What will you learn from this article?
- Method and approach towards solving questions of syllogism.
- Different types of questions seen in the examinations.
- Tips and shortcuts to increase efficiency in question-solving.
Syllogisms are one of the most critical topics in logical reasoning and are widely seen across all the different examinations. The concept in itself is moderately difficult, but with proper understanding and practice, you could easily score good marks.
Before you start this article, make sure you brush up your syllogism concepts with our Syllogism Part 1 article here.
Solving questions of syllogism can be very time consuming and difficult because, in most of the problems, the candidates have to form/draw all possible scenarios of the relationship between variables. But in this article, we will learn a more intuitive method for solving the questions in the shortest time possible.
EazyTip: A conclusion is true if, in all cases, it fits true, and it is false if it does not satisfy any single case. So Instead of drawing all possible Venn combinations, we will consider and illustrate the possibilities in which the conclusion does not hold.
Common mistakes: While drawing a Venn diagram, students often draw the variable which is not even considered in the conclusion, this could lead to unnecessary complications. So it is recommended to draw variables that are discussed in the conclusion.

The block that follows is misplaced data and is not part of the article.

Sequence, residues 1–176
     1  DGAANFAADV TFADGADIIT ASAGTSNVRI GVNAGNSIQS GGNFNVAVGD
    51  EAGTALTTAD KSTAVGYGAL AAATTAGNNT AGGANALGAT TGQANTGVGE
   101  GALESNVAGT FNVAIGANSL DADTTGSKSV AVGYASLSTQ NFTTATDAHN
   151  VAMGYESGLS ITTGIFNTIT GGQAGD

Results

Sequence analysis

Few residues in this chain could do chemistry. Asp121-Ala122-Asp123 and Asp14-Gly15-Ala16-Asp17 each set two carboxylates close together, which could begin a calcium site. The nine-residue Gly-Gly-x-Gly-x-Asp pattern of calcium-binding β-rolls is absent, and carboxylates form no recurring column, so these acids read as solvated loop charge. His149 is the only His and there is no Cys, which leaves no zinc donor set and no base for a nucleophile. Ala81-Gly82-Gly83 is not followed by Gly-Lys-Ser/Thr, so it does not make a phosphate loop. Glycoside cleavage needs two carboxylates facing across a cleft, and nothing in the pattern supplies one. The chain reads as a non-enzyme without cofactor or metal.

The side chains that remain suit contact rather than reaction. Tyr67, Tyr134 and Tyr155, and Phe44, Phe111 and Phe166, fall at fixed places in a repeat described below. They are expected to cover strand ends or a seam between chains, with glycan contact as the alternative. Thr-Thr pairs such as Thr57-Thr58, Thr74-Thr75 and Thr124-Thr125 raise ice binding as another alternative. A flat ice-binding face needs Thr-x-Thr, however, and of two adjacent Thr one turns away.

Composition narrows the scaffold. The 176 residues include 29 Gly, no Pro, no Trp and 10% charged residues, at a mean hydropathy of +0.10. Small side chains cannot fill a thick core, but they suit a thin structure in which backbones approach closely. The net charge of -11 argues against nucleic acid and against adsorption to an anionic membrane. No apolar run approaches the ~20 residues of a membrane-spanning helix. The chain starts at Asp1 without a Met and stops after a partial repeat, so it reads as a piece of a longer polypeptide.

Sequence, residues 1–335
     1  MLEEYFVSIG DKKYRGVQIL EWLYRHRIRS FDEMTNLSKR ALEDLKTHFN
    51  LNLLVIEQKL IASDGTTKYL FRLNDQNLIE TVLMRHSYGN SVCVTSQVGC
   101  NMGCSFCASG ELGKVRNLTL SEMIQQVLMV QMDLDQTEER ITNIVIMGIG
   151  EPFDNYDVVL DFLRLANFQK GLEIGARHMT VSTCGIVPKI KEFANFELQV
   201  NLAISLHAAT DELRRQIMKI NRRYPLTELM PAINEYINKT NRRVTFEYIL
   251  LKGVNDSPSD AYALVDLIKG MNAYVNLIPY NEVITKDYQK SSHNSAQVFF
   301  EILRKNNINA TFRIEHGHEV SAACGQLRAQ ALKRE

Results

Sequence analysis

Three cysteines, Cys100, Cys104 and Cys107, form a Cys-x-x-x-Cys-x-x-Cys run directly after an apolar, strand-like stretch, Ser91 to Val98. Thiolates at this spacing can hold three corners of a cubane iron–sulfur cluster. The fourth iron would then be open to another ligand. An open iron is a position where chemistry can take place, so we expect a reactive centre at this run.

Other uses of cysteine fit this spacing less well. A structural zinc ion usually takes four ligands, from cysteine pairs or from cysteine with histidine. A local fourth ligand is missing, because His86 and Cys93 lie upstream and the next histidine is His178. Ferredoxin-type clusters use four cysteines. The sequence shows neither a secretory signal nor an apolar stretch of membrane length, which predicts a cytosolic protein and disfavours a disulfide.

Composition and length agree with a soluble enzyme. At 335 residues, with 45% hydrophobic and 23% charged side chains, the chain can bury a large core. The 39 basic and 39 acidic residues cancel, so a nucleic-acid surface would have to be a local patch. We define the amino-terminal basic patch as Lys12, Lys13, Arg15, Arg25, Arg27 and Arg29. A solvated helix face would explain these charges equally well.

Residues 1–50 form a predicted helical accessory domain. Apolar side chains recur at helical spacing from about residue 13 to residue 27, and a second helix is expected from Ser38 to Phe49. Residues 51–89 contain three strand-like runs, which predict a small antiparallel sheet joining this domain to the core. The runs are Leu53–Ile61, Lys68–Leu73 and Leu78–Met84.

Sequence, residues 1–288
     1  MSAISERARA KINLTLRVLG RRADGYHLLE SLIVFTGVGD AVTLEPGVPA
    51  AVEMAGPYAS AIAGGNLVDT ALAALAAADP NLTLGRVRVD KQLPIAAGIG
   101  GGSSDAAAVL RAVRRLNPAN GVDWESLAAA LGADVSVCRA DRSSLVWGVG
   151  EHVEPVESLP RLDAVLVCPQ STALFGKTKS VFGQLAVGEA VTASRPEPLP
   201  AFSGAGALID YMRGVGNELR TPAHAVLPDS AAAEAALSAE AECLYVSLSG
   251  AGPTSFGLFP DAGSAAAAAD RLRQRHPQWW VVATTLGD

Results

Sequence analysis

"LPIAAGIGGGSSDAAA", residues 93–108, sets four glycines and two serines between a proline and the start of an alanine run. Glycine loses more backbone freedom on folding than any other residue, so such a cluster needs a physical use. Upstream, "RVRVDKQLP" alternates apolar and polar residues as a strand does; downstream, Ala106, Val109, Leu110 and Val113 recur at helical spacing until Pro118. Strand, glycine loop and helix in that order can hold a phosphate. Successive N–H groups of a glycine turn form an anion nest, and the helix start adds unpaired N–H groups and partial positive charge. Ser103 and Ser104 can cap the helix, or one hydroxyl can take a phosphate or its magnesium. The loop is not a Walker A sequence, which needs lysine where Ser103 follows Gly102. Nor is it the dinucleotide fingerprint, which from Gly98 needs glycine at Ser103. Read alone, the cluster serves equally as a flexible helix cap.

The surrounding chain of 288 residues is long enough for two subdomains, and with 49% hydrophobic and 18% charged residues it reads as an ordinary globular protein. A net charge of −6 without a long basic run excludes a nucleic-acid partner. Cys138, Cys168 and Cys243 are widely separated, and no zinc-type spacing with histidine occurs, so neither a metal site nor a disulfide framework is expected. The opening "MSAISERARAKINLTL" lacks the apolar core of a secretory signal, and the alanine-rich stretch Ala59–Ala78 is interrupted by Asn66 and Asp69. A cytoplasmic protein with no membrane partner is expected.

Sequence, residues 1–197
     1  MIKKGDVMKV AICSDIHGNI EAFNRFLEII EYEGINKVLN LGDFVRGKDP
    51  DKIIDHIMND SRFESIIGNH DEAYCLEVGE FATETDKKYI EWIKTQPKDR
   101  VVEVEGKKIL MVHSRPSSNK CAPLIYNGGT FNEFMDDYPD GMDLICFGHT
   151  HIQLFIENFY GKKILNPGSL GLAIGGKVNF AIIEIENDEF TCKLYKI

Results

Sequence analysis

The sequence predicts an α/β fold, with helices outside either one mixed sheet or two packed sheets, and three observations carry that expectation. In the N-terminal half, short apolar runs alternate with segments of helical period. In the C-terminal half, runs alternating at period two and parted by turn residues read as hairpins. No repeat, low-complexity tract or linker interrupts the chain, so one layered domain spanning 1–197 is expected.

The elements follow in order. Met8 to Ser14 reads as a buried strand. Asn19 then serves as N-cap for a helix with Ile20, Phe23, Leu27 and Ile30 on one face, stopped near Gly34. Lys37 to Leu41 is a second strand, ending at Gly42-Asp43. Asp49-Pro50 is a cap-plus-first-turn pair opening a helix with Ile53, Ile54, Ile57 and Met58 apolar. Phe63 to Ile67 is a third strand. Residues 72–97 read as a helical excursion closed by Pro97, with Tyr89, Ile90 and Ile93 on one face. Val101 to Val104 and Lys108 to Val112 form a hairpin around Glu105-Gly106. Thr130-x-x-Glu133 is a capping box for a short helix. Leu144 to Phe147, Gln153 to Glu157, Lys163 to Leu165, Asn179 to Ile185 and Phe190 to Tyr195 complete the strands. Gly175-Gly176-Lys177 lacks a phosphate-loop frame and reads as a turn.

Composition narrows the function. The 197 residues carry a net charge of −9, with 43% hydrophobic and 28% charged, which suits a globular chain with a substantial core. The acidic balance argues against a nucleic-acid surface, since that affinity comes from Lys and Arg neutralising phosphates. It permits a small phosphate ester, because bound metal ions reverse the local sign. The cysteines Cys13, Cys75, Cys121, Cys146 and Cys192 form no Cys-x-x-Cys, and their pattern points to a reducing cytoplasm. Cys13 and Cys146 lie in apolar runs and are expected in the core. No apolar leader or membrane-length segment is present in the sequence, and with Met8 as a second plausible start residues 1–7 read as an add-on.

Let’s look at an example to understand the method.
S1 all apples are bananas.
S2 some bananas are cats.
S3 no cat is a dog
C1 All bananas are apples,
C2 some bananas are dog
C3 no banana is dog
Solution: So let’s consider Conclusion 1, that is, all bananas are apples.
As we can see, conclusion 1 and Statement 1 have the same variables that are apples and bananas, so in our attempt to disprove this conclusion, we will look at statement 1.
From the diagram, we can clearly see that some area of bananas
does not lie within apples. Thus the conclusion is false.
Now let’s consider Conclusion 2, which says some bananas are dogs. As we can see, Conclusion 2 has the variables which are discussed in Statement 2 and 3, so in our attempt to disprove this conclusion, we will look at statement 2 and 3.
From the diagram, we can see that
No area of banana is intersecting with Dogs.
Therefore, the conclusion is false.
Note: While drawing possibility cases, make sure that the statements are not contradicted. The Venn Diagram that you draw to falsify the conclusion must follow the statements provided in the questions.
Lastly, let’s consider Conclusion 3, that says no banana is a dog. Clearly, Conclusion 3 is the inverse of Conclusion 2, but it does not mean that opposite to conclusion 2, this conclusion is true. As we can see from the diagram below, Bananas have some intersection area with dogs without disregarding any statements. So clearly, this statement is also false.
Hence no conclusion was true.